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POP MUSIC

Cibo Matto's Food for Thought

Most of their songs are about things to eat, but dwelling on it leaves a bad taste in the band members' mouths.

May 05, 1996|Elysa Gardner | Elysa Gardner is a freelance writer based in New York

NEW YORK — There are those who eat to live, and then there are Yuka Honda and Miho Hatori, the two young women who make up the fledgling postmodern pop act Cibo Matto.

The name that these denizens of Manhattan's East Village chose for their band is an Italian translation of "food madness," and symptoms of this affliction are evident throughout the duo's critically acclaimed debut album on Warner Bros., "Viva! La Woman," which shot to the top of the college-rock charts shortly after its release in January. (The group will play the Troubadour on Saturday.)

Virtually all the song titles refer to food. And while Honda mixes a lush puree of funky, atmospheric musical samples, Hatori squeals out the lyrics with gluttonous abandon. "My weight is 300 pounds," she declares proudly on the song "Beef Jerky." "Who cares? I don't care."

But in fact, both Hatori, who appears to be in her early 20s, and Honda, who looks 30-ish (neither will reveal her age), are notably slender. And as they convene in their publicist's office in SoHo one afternoon, they seem reluctant to discuss the topic that saturates their album. Honda won't even identify the noodle dish she's polishing off.

"Everyone who interviews us always wants to talk about food," she says with a groan.

Honda isn't being naive or ironic here. She's trying to make a point: Cibo Matto's obsession with eating, while genuine, is also an artistic device used to reflect a variety of thoughts and emotions. Or as the man who first informed us about oral fixations might have put it, sometimes beef jerky isn't just beef jerky.

"A lot of people don't realize in what ways food is used in our music," Honda explains. "The songs aren't all about food. There's no song about, like, how Brussels sprouts are structured, you know? But I think that food is a great metaphor, because everybody eats. Everybody knows the feeling when you're hungry for five hours and you have some kind of junk food and it tastes so amazing. It's a common experience."

Furthermore, eating is an experience that's relatively simple to describe in a language that you're still in the process of learning--as is the case for Hatori, who spoke little English before moving to New York from Tokyo 2 1/2 years ago.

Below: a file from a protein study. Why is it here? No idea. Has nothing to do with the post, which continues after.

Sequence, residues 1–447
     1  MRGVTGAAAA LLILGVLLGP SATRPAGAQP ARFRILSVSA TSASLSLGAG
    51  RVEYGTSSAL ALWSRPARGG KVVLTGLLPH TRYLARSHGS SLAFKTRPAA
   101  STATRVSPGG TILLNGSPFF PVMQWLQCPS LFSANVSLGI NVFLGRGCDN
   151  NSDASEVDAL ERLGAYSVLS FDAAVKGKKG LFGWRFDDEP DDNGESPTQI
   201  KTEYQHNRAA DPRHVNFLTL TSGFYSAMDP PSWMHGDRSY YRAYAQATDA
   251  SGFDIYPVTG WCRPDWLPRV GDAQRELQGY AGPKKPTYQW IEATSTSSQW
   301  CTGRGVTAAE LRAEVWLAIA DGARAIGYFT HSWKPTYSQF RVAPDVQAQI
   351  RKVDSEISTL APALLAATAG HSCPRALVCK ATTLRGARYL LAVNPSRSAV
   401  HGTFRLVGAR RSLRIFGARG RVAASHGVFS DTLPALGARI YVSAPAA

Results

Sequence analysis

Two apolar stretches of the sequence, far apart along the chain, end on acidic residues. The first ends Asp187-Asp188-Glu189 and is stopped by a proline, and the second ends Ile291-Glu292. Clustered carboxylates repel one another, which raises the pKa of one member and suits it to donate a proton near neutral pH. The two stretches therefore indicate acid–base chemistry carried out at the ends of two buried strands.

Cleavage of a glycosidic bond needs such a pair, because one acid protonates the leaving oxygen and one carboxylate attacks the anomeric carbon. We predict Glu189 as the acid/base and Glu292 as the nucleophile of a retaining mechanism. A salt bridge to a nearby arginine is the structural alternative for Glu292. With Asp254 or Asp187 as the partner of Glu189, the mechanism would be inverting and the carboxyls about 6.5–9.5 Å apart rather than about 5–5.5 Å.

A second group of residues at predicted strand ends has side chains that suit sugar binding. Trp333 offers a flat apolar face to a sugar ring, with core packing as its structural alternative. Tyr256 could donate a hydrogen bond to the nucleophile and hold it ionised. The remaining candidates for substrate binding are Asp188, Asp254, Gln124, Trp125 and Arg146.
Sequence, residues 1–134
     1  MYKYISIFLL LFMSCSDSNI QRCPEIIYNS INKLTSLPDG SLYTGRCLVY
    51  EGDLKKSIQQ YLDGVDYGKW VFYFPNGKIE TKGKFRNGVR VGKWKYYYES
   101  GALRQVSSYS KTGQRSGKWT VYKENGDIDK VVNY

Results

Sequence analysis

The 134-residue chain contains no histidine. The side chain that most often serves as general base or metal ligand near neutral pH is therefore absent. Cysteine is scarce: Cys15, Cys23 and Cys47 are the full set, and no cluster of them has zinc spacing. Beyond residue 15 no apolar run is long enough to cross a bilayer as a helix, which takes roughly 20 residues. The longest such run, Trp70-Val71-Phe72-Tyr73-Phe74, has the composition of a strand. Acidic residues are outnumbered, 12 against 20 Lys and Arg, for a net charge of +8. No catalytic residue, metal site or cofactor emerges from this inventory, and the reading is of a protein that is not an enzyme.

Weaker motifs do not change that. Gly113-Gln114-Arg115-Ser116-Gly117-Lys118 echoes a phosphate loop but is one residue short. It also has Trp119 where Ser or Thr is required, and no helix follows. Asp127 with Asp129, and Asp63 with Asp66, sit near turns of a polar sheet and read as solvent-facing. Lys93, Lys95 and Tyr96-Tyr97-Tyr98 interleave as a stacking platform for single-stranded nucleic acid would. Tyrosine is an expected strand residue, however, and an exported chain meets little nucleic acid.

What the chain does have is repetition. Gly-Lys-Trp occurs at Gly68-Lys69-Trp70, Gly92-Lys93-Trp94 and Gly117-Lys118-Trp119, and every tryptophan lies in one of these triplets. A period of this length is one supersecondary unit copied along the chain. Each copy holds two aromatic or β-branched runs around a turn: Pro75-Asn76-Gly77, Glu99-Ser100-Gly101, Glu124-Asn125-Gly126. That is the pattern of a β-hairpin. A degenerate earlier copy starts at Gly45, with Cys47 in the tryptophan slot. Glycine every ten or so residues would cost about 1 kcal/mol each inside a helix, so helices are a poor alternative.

"When I wrote the songs on [the album], my vocabulary was limited, and [using] food is the easiest way to tell a story," says Hatori, who writes many of Cibo Matto's lyrics. "We learned a little bit of English grammar in school in Japan, but it's English that nobody uses. Like, 'This is a pen.' Stuff like that."

Actually, it was a desire to improve her English that brought Hatori to the Big Apple in the first place. After enrolling in a class designed for foreigners sharing her ambition, the singer began hanging out at downtown clubs and eventually formed a punk band called Leitoh Lychee--that's Japanese for "frozen lychee nut"--with a friend. The friend enlisted Honda, who hadn't yet met Hatori, to play guitar in the group.

Honda had moved to New York in 1986 with her then-boyfriend, Dougie Bowne, who plays percussion on "Viva! La Woman." A fledgling journalist who grew up in the Tokyo suburbs and had spent some time in France, Honda was encouraged to further pursue her recreational interests in music by some well-connected local musicians with whom she and Bowne socialized. (P-Funk keyboardist Bernie Worrell and trumpeter Dave Douglas, an associate of the noted avant-garde artist John Zorn, are among a number of prominent New York-based musicians who lend support on "Viva!")

After Honda and Hatori left Leitoh Lychee to form Cibo Matto, they continued developing industry contacts simply by playing a lot and befriending other musicians. The pair fielded offers from a number of labels, including David Byrne's Luaka Bop, before signing to Warner Bros. last year.

"We were very lucky," Honda stresses. "But then we had a moment where we didn't know how to handle things emotionally. We were freaked out. Like, 'We have to make a video? Aagh!' We were kind of naive in a sense. I mean, we started this band because we wanted to play shows. Recording is important, but we're basically more of a live band."

Since Honda and Hatori were inspired by a variety of musical trends and genres, and cut their teeth as performers in an eclectic environment, their songs incorporate the spirit and energy of a number of movements that started in clubs, from trip-hop (a hybrid of hip-hop and ambient pop with roots in the London club scene) to noise-rock and performance art.

"Their influences are so varied," enthuses Janet Billig, president and owner of the management company that represents Cibo Matto. "No one else is combining so many diverse elements in such a distinctive way. Whenever people hear [Cibo Matto's music], they think, 'What is this? It's so cool!' "

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